After US President Joe Biden proposed a face-to-face meeting with his Russian counterpart Vladimir Putin so the estranged leaders could tackle a raft of disputes, both Prague and Vienna offered to host a summit between the two nuclear powers.
Czech Deputy Prime Minister and acting Foreign Minister Jan Hamáček on Wednesday asked Czech ambassadors in Moscow and Washington to propose Prague as the location of the summit.
According to a Kremlin statement released after a call between Biden and Putin on Tuesday, Biden had “suggested considering the possibility of holding a personal meeting at the highest level in the foreseeable future”.
Russia answered the next day, saying it was premature to talk in tangible terms about a possible meeting between Putin and Biden, but added that Moscow would study the proposal.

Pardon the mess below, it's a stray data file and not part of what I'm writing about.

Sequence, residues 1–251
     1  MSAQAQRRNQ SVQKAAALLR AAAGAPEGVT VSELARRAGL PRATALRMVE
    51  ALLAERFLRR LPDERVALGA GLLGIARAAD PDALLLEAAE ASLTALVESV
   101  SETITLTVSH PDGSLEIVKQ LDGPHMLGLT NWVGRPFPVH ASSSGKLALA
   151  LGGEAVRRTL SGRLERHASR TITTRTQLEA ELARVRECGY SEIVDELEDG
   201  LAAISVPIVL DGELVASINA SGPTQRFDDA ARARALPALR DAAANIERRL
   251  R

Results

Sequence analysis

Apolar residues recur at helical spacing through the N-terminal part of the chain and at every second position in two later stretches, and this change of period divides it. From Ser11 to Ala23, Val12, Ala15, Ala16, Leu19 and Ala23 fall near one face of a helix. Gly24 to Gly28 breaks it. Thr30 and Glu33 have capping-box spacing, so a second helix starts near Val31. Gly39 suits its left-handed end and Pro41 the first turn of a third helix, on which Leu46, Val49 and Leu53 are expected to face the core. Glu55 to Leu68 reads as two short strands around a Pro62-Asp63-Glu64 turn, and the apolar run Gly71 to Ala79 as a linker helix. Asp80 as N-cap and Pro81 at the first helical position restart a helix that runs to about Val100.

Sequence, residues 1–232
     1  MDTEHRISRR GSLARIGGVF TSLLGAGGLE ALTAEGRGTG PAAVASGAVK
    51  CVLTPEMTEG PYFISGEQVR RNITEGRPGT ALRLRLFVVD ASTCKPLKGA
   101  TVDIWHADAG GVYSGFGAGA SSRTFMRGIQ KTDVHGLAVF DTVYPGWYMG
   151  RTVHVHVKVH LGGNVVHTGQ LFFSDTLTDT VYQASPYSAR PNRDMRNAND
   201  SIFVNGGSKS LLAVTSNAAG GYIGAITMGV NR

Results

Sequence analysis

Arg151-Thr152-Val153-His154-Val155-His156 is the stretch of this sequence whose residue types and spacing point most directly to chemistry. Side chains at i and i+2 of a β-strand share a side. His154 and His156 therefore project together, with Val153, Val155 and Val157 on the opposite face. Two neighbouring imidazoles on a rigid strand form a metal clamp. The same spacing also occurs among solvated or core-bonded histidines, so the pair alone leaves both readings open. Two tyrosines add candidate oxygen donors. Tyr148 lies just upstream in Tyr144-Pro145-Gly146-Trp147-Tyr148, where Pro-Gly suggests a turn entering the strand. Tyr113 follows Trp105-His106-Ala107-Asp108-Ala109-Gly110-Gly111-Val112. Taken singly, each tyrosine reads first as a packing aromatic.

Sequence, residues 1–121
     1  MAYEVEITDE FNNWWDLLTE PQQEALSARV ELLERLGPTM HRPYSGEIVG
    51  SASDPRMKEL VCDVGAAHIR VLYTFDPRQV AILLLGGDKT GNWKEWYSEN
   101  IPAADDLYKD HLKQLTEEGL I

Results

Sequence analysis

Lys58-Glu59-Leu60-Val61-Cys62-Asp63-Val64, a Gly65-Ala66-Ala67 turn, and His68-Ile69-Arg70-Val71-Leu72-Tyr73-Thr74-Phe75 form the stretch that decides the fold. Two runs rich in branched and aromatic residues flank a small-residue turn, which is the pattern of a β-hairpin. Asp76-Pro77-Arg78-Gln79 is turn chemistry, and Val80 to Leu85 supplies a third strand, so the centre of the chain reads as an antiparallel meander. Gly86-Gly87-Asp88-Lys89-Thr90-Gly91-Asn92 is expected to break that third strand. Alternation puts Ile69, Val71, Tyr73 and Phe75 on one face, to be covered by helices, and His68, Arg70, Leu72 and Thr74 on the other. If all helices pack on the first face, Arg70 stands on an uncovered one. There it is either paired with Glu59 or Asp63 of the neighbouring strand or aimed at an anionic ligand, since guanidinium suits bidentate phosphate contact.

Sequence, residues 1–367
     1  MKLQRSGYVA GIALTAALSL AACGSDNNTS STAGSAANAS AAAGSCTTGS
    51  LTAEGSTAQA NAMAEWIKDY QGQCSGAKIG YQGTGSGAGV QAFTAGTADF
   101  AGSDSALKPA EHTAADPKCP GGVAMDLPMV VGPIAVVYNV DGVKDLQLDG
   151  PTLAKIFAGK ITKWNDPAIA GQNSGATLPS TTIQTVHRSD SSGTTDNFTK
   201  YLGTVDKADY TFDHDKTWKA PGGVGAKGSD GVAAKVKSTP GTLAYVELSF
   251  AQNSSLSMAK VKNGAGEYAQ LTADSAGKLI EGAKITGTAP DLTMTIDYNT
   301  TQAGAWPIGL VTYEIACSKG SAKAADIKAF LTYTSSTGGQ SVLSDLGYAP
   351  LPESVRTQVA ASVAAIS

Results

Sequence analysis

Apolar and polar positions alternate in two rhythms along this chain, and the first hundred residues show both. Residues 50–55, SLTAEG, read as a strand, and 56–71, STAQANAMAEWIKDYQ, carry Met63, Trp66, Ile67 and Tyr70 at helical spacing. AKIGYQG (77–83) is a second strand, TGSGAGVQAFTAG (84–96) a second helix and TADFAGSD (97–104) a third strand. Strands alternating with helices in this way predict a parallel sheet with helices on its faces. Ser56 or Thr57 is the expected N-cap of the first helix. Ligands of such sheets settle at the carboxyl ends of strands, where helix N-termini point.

In April 2010, Prague hosted a meeting between then US President Barack Obama and his then-Russian counterpart Dmitry Medvedev. The summit achieved its goal of signing off on a new strategic arms reduction treaty, New START.
Austrian Foreign Minister Alexander Schallenberg meanwhile said that Vienna was always ready to provide a venue for a possible meeting Putin and Biden, if the sides choose to have it organize their summit on Austrian territory.
During the Cold War, Austria was considered a neutral country, the same as Finland, and Vienna has been hosting Russia-US arms control talks, as well as the OSCE, the Organization for Security and Cooperation in Europe.
Czech officials meanwhile often stress their understanding and good relations with both the US and Russia. For example, on the issue of the controversial Nord Stream 2 gas pipeline, Prague is considered to be in the middle.
Relations between the US and Russia are currently difficult, partly because of the rising tensions between Russia and Ukraine.